On behalf of Oakland’s family literacy programs, student Malak Alsabahi stood at the podium and asked the school board not to cut adult education. Fellow supporters held paintings of Yemeni women while Alsabahi spoke, representing classmates who could not be there at the school board meeting Wednesday.
Over 30 speaker cards were entered during public comment to address Superintendent Tony Smith’s recommendation to eliminate 25 adult education positions at the end of the school year—the only remaining positions in the program. This would eliminate General Education Development (GED) courses for adults without a high school diploma, as well as family literacy programs which assist OUSD parents with limited English skills. The cuts were suggested in anticipation of an estimated $14 million reduction in federal funding for the district in 2013-2014 and would create approximately $1 million in savings, according to Smith.
Similarly, Governor Jerry Brown proposed that the management of California’s adult education programs be moved from the K-12 domain to community college systems when he announced his budget plans in early January. If that takes effect, funding for adult education in Oakland would be allocated to the Peralta Community College district.
At the meeting, many speakers argued that moving adult education out of K-12 schools and into community colleges would decrease access to services and hinder improved relationships between families and their community schools. Lidia Morales, a mother of two, praised the family literacy classes she attended for two years at her son’s former school, Allendale Elementary, which helped her and about 20 other parents improve their English reading, writing and speaking skills. Before she started the program, Morales said, she had a difficult time communicating with school staff. “I can now speak English with my children’s teachers and doctors,” she said. “I can also help my children with their homework.” Morales said family literacy classes also provide free childcare for parents who don’t have the resources to hire babysitters.
Jose Duenas, CEO of the Hispanic Chamber of Commerce of Alameda County, spoke on behalf of Spanish speakers who are trying to learn English and acquire GED certifications, which are equivalent to high school diplomas. “People can’t get to a community college without a GED. Where do they go? They end up on the streets. Somebody has to deal with them,” he said. “I think you’re making a very, very serious mistake by eliminating the program that you have.”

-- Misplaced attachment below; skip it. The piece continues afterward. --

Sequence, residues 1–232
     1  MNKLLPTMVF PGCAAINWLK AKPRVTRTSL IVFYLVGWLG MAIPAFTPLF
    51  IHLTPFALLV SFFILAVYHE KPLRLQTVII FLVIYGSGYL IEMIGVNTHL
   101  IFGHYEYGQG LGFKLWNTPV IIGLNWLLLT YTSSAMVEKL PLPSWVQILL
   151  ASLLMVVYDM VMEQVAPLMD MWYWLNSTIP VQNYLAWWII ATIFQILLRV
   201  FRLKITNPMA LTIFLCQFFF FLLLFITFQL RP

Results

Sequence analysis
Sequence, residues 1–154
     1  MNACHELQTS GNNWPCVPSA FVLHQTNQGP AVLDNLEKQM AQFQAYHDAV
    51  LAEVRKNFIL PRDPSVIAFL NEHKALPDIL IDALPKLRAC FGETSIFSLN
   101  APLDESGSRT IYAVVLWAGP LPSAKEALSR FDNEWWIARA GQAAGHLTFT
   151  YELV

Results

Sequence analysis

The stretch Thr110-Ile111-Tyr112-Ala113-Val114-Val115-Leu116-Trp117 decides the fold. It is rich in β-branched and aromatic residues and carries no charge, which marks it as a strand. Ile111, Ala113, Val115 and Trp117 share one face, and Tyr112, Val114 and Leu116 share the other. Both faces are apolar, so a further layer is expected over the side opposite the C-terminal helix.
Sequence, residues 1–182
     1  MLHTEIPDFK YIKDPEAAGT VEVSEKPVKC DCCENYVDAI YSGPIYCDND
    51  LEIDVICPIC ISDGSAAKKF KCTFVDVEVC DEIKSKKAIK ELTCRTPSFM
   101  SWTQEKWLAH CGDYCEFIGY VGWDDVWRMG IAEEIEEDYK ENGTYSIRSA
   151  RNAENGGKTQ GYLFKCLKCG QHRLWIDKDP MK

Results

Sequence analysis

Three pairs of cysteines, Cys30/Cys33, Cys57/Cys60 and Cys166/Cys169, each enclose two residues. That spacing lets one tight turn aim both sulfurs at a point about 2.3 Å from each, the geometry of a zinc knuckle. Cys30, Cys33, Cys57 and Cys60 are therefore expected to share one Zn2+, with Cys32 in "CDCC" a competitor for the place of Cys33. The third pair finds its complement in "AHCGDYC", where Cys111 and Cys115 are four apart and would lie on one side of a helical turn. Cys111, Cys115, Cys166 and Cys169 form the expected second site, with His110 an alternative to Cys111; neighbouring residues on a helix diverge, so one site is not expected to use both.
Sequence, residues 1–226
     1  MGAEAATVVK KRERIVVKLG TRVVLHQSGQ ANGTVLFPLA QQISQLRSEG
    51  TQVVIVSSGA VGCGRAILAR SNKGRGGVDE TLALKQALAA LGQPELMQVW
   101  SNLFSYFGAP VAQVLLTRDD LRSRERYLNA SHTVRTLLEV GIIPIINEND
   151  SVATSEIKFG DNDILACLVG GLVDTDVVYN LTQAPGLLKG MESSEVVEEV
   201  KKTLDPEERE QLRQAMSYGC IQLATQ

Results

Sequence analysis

But ultimately, the board voted 5-1 to eliminate adult education, with District 5 representative Rosie Torres casting the only “no” vote. Smith stated that the resolution was “driven by a March 15th deadline,” which is the date by which the district must notify employees whose positions may be reduced or eliminated in the upcoming year. “There are still many unknowns,” he said, adding that they still needed to determine the restrictions of the new funding formula for local schools proposed by Governor Brown.
The board may rescind those layoff notifications by May 8 if the budget allows.
School board president David Kakishiba mentioned that the superintendent will present his initial budget plan at an upcoming board work session in mid-March, which would provide more insight into whether some adult education programming can remain in the district. “Before May comes around, before a final decision is made on layoff notices, I certainly personally will be figuring out how to reach out to the Peralta systems and to understand where we are as a city under adult education services,” Kakishiba said.
But some consider that false hope. “It was really depressing,” said Victoria Carpenter, a family literacy teacher at La Escuelita Elementary, after the vote. “I think the board heard us, but I have a feeling they don’t really understand. I don’t know how to explain it to them any more. I feel like they don’t understand the importance of these classes.”
Carpenter noted this isn’t the first time adult education has been the victim of substantial cuts. In 2010, the department’s approximately $11 million budget was whittled down to about $1.9 million. “We were all laid off and they’ve hired us back, 9 of us at a part-time salary and with less hours,” she said. “We’re all scraping it together. I work two other jobs to support this job and I guess I’m really exhausted from the fight.”
After most of the crowd left, OUSD staff also presented a report on attendance and chronic absenteeism, a problem the district began tracking more closely last school year. OUSD staff found that 1 out of every 10 students missed nearly a month of school in 2012.
Staff recommendations for improving attendance included forming attendance teams at school sites that could monitor the situation by sending letters home to those who are chronically absent, making personal calls and home visits with parents when necessary, and providing positive incentives like certificates or trophies at the end of the year to students with improved attendance. OUSD staff said their target goal is to reduce the chronic absenteeism rate among students to 5 percent or less.
That night the school board also paid tribute to the late Caroline Yee, wife of school board director Gary Yee, who served as teacher, principal and administrator in several Oakland schools.
“Yee touched untold numbers of lives during a career in education that spanned more than four decades,” Kakishiba said, reading the resolution to honor her memory. “Every personal recollection of Yee contained the word ‘caring,’ which is indicative of her spirit and the love she brought to her work with the young children who are so in need of this, the greatest of all qualities.”
Those who would like to share fond memories of Caroline Yee can send them to Gary Yee at email@example.com, who will compile them in her honor.